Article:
Build Your Site

What Is a Build Process

A build process is a set of tasks to compile and test code before deployment. Learn which tasks to include in your build process and why.

TL;DR

  • Build steps shouldn't be linear and manually driven; they should be cyclical and automatic.
  • Your build process tools must optimize for performance; they should automatically minify and concatenate JavaScript, CSS, HTML, and images.
  • Testing across many devices is a laborious task. Automate as much as you can!
  • Limit context switching; integrate build tools with debugging tools so you can iterate with ease.

How should the build process be used in your workflow?

Your build process shouldn’t be a separate set of tasks that you run towards the end of your development workflow. Instead, integrate your build process with your coding, testing, and iterative debugging cycles.

What tasks should the build process automate?

Get tools that automatically run these build tasks so that you can keep coding:

  • Test the code compiles and report errors.
  • Optimize the code by minifying and concatenating JavaScript, CSS, HTML, and images.
  • Test responsiveness.
  • Test performance.
  • Compile optimized code.
  • Reload code in the browser.

We prefer and recommend Gulp because it’s an expressive, streaming build system that’s easy to set up.

Regardless of whether you’re using a command-line set of tools or a GUI like CodeKit, your build process tools should automatically optimize your code as you work, and iteratively update compiled code.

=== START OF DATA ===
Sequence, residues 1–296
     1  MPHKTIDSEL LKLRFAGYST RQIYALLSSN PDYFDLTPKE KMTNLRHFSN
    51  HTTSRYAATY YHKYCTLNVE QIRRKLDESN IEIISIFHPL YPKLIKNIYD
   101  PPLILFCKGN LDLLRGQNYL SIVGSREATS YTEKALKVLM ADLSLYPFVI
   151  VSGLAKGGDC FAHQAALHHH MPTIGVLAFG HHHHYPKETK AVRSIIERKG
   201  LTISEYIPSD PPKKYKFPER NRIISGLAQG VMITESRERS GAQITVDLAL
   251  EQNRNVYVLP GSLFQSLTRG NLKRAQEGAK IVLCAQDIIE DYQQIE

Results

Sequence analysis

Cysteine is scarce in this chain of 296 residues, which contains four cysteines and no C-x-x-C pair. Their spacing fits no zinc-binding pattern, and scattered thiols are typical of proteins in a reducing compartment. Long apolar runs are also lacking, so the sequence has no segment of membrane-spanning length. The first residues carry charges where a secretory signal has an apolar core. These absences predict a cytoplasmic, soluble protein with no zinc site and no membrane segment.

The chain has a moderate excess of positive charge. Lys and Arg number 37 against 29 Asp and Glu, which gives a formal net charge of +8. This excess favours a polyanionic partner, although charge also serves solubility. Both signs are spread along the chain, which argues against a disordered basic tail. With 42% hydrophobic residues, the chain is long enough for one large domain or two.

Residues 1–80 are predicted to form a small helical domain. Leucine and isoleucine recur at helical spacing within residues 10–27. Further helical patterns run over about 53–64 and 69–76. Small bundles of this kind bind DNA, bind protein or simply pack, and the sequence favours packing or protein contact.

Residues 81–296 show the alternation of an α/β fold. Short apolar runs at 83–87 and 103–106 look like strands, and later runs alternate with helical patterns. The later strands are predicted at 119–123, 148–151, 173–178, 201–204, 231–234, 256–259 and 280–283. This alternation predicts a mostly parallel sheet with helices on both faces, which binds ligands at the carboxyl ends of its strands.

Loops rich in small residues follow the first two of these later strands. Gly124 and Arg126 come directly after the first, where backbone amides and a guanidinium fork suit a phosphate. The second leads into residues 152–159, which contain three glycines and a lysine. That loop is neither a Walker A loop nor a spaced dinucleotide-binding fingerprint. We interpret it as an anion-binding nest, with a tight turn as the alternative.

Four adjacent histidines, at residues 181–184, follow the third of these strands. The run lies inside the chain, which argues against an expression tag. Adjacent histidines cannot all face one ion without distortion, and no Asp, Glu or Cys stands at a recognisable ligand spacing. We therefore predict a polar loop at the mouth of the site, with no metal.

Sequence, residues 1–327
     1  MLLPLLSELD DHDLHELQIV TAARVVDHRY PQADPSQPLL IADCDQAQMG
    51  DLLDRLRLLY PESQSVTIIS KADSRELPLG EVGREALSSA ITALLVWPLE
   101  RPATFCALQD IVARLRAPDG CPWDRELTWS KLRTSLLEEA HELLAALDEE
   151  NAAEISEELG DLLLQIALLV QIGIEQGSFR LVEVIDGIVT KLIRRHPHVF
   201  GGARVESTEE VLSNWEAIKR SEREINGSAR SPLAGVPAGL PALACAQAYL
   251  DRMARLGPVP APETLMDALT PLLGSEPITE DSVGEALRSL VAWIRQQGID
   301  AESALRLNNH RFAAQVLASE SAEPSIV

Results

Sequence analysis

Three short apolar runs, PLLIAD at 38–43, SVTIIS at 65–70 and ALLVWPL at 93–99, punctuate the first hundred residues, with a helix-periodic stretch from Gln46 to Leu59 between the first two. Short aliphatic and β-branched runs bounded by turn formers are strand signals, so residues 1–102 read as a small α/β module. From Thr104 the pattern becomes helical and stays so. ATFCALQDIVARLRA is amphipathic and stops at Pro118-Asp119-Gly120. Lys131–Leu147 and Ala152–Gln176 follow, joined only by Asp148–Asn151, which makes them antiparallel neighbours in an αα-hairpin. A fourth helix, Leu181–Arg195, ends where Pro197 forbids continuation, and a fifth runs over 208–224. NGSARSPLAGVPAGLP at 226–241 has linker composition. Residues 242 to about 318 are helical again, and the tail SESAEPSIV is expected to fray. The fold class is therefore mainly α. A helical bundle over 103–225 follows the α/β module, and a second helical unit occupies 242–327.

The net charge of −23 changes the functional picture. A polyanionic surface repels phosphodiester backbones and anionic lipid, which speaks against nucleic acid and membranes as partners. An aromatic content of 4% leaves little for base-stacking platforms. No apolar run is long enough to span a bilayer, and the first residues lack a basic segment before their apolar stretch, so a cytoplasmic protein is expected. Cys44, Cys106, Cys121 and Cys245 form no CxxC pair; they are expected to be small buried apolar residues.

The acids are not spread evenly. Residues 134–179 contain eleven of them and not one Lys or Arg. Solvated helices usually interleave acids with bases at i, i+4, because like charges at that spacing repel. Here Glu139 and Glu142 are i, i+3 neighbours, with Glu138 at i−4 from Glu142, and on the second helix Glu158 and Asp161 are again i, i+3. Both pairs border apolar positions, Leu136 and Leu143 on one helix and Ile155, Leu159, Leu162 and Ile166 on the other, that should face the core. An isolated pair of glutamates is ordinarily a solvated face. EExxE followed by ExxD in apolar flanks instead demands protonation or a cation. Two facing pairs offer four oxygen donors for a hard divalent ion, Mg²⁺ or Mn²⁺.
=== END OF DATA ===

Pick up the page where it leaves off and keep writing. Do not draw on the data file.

Additional build tools that support this workflow:

Automate testing

Testing across many devices is a laborious task. Automate as much as you can!

  • Your build process should integrate with live reloading and support synchronized navigation so you can test your site on many devices in one-click.
  • Integrate your build process with a responsive screenshot tool like BrowserStack (commercial) so you can check your site’s layout across lots and lots of devices.
  • Integrate your build process with a performance tool like PageSpeed. Make it easy to check performance all the time and on any device.
  • Get your build process to kick off unit tests that ‘emulate’ your site on as many devices as possible. Mimic hardware and network constraints as much as possible in these tests.

Integrate with debugging tools

Limit context switching; integrate build tools with debugging tools so you can integrate with ease. Avoid at all costs the separation between debugging your code and seeing the results on a range of devices. This slows your development to a halt and you’ll start to think maybe it’s OK to just have a site that works nice on a desktop.

Seamless integration with debugging tools means you can debug your code and see it live on as many real and emulated devices as you deem necessary. You can keep debugging your code, and the build tools automatically push code changes live.

What’s in the Web Starter Kit build process?

At a glance, the Web Starter Kit build tools automate these tasks:

  • Cross-device synchronization; synchronizes clicks, scrolls, forms, and live-reload across multiple devices as you edit your code.
  • Live browser reloading; reloads the browser in real-time anytime you edit code.
  • Built in HTTP Server for previewing your site so you can test your pages without setting up other tools.
  • PageSpeed Insights Reporting.
  • Performance optimization; minifies and concatenates JavaScript, CSS, HTML, and images.
  • Compiles Sass into CSS.

The next section covers the Web Starter Kit build process in detail.

web starter kit in action

Updated on 2014-05-29

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